Estimating and Tendering methods for Construction Work

Estimating and Tendering methods for Construction Work
Traditional Method

  • The traditional structure for project procurement is where the employer takes his scheme to an advanced stage with his professional team before appointing a contractor.
  • The consultant’s role is seen as an independent one.
The designer is employed to advise the client and design the work

A quantity surveyor gives guidance on design costs and budgets, prepare bills of quantities, check tenders, prepare interim valuations and advises on the value of variations
  • A consultant structural engineers might be employed either by the client, or his advisers, to design the specialist parts of the project.
  • many major building owners and developers make use of in-house project managers to carry out all the design and financial control of the project.
Project management is therefore seen as a management tool and not a procurement method.

Design and Build Method
  • The design and build arrangement is an attractive option for clients. because the contractor accepts the responsibility for designing and constructing.
  • The benefits include: single-point responsibility, prices which reflect more closely the final cost to the leading to early completion.
  • The design and build arrangement is an attractive option for clients. because the contractor accepts the responsibility for designing and constructing.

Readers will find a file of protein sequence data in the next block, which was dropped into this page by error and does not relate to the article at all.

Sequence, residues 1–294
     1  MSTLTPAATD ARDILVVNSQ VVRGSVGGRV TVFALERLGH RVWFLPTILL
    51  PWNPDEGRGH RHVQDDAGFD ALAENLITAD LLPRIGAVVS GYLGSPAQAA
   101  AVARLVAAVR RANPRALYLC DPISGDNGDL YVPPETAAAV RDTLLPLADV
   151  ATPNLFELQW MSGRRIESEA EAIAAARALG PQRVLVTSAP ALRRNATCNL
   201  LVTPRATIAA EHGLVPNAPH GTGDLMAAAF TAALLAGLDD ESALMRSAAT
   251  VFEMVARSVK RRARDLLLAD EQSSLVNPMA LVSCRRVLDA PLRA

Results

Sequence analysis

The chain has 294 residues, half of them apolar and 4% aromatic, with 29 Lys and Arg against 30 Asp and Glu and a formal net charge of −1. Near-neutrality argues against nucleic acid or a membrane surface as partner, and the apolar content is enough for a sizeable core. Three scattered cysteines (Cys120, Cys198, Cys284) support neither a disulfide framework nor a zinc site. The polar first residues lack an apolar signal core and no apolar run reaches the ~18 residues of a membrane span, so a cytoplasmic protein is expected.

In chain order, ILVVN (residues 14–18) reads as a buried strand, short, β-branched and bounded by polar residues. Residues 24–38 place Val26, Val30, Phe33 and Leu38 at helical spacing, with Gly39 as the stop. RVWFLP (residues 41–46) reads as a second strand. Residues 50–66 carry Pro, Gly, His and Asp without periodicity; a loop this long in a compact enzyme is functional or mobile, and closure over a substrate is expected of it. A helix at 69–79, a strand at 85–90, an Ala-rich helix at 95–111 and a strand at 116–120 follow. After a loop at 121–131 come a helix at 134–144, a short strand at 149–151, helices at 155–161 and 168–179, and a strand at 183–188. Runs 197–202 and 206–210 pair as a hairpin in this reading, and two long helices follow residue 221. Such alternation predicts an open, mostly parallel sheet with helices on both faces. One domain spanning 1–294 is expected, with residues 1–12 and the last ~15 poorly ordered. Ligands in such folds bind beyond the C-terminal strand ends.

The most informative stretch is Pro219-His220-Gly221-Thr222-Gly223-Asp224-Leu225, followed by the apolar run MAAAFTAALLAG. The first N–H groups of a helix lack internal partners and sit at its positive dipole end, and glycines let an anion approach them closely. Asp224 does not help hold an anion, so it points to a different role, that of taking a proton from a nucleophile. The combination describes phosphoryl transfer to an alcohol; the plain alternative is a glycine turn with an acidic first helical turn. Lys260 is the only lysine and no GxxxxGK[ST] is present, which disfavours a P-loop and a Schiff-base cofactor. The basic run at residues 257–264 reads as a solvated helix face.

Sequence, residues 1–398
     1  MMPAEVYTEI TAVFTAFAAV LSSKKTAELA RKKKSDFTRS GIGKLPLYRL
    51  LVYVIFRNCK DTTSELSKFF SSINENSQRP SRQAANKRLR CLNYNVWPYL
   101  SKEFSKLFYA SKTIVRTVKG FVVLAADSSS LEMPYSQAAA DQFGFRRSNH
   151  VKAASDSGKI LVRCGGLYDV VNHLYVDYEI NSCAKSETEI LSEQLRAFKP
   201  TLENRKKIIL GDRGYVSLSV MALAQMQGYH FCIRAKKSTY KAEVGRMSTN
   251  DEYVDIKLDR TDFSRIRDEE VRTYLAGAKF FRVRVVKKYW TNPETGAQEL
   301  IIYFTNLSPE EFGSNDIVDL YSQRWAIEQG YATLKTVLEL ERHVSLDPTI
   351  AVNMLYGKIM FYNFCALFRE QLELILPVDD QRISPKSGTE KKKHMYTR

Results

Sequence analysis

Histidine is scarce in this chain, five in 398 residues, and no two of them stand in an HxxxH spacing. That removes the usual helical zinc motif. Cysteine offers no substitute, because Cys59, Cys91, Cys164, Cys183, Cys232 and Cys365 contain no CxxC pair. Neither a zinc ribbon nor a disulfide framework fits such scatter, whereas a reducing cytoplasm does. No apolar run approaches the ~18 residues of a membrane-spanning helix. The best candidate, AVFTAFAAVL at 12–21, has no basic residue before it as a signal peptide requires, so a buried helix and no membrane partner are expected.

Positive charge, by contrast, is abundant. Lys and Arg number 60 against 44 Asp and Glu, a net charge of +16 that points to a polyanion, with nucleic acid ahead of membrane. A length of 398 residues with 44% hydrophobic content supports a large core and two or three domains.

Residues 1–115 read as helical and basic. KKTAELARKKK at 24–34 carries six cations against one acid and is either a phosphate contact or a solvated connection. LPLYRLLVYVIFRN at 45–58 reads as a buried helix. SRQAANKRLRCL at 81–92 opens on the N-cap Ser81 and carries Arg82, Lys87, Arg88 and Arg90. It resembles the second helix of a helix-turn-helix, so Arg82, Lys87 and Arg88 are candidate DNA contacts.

• The benefits include: single-point responsibility, prices which reflect more closely the final cost to the leading to early completion.
  • There is a contractual arrangement known as‘Turnkey’ this allows a client to procure from a single contractor all the requirements of a scheme in the shortest possible time. the agreement will often include getting the land short-and long-term finance, fitting out , recruitment and training of personnel

Design and Build System
  1. A design and build contractor may commission design and cost services from outside consultants or can employ a design team from within their own organization.
  2. At tender stage the employer will introduce some competition, either open or selective tendering, which is followed by clarification of the agreement and negotiation.
  3. The number of contractors invited to submit tenders in the form of Contractor’s Proposals should be limited to three or four firms to reduce the high tendering costs.
  4. A contractor might make a client’s brief fit his own preferred solution; the long-term life of a building might be overlooked and if the brief is vague, the client could pay an inflated price or take possession of an inferior building.
  5. A client may not realize the importance of independent professional advice. The cost of abortive designs and tendering is a heavy burden on contractors’ overheads and eventually the costs will be passed on to clients.
  6. The management contractor is appointed to work with the professional team, to con-tribute his construction expertise to the design and later to manage the specialist ‘package’ or ‘works’ contractors.